Help adding a new tool


I have a question on adding a new tool I got my hands on. I can’t understand what goes where in the “New Tool” screen. Can someone assist?

Tool info:
20 Degrees
Solid Carbide
Shank Diameter: 1/4"
OAL: 2"

Search for post “Carbide Create Tool Database Definitions”. I would have linked it but I could not.

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When entering tooling, if need be, I like to draw it up:

Apply, Done

duplicate and mirror:

drag into registration w/ the first rectangle:

Select the rectangle and one of the canted one as key object:

and do Boolean Subtract:

if need be delete the rectangle:

Repeat for the other:

If need be, create a new Tool Library.

Measure the tool as needed to fill in the necessary values:

You’ll need to work up the feeds and speeds on your own for each material which you wish to cut with this tool.

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William, how would you go about inserting the info for a tapered ball nose bit? Also 1/4 shank and may also have 20 degree angle but it does not reach a point as there may be 1/8 radius.
Do these just get entered as 1/8 ball nose with no reference to the taper as that option only becomes available for V bits.
Fusion database allows far more information but was curious if there was a better way of doing this in CC other than listing them as standard ball nose bits.

Carbide Create does not support tapered ball-nose endmills.

The work-around is to add them as a ball-nose endmill and use them in EDIT: projects (not tools) where the taper won’t cut into the geometry of the part.

The other way to enter tooling is to directly edit the CSV.

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@WillAdams Thanks Will! As always, very helpful!

Is it safe to start with the following for cutting soft wood:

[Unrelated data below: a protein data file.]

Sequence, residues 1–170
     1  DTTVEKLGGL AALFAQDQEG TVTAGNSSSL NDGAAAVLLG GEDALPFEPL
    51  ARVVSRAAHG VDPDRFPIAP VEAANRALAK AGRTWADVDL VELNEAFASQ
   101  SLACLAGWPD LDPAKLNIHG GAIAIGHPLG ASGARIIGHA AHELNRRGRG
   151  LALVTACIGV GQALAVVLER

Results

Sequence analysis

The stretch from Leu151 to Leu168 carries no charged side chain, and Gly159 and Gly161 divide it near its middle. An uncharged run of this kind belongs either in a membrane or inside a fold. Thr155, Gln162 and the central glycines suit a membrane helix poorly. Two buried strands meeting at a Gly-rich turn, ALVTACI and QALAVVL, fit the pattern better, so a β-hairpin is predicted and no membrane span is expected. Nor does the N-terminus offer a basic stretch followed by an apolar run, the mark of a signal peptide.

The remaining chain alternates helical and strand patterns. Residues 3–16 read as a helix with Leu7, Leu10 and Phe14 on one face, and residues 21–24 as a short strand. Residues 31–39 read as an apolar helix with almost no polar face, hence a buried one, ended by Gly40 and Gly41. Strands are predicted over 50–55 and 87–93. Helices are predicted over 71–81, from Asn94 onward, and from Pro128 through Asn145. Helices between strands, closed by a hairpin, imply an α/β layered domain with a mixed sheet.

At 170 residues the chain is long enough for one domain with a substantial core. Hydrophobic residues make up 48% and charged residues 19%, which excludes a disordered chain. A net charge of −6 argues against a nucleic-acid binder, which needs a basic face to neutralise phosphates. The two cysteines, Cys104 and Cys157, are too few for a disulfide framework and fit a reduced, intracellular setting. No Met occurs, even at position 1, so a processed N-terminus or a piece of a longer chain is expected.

Plungerate: 10
Feedrate: 20
RPM: 10k
Depth: 0.03

Mark - what is that bit used for?

Hi Les,
Primarily I use it for 3d carving finishing path 1/4 shank with 0.118 diameter ball nose. Believe it is less prone to deflection etc. than a straight 0.118 or less ball nose.
This is from reading so I would bow to the knowledge of the experienced members of the forum.

Considerably so. From my experience, one can drive 3D finishing passes in wood at pretty high feedrates (also pushing RPM accordingly to maintain a decent chipload, if need be), and the best way is to use the feedrate override during the cut to find the limit (depending on how adventurous one feels, that is)


The feedrate override is a blessing in disguise. It has come in very handy from time to time when you realise you have been a bit too conservative on your feedrate. No need to stop, just nudge it up through the range accordingly.


Hey Julian - where can I find the Feedrate Override in the program?

I don’t suppose you can override the stepover at the same time? Thought not. I haven’t dared change it in the job setup, but I can swap an eighth for a sixteenth bit and the letters I’m cutting round are a bit fatter at the end, but no other difference! It all takes a very long time:stuck_out_tongue_winking_eye:

I think @Julien was referring to the feed rate override in Carbide Motion. When running your GCode file you can ramp things up or down dynamically to see if the machine “feels” (usually sounds) better at different rates



Nope, you need to go back to CAM, regenerate G-code and rerun. Experiment is key to figure out how far you can push the value

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Ah, I understand. Of course I forgot that I am using Carbide Create Pro for the design and g-code, but Planet CNC for the machine, since the controller card comes from them. It never occurred to me to look for such an override, but with a bit of luck it’s in that program too.

Thank you. :slightly_smiling_face:

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